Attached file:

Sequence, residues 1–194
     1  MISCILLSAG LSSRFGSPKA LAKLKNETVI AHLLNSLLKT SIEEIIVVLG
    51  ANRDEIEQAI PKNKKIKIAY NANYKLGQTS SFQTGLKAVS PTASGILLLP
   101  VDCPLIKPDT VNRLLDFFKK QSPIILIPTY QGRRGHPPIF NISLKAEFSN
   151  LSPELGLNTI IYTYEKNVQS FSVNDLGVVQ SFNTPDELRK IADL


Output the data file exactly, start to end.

Sequence, residues 1–194
     1  MISCILLSAG LSSRFGSPKA LAKLKNETVI AHLLNSLLKT SIEEIIVVLG
    51  ANRDEIEQAI PKNKKIKIAY NANYKLGQTS SFQTGLKAVS PTASGILLLP
   101  VDCPLIKPDT VNRLLDFFKK QSPIILIPTY QGRRGHPPIF NISLKAEFSN
   151  LSPELGLNTI IYTYEKNVQS FSVNDLGVVQ SFNTPDELRK IADL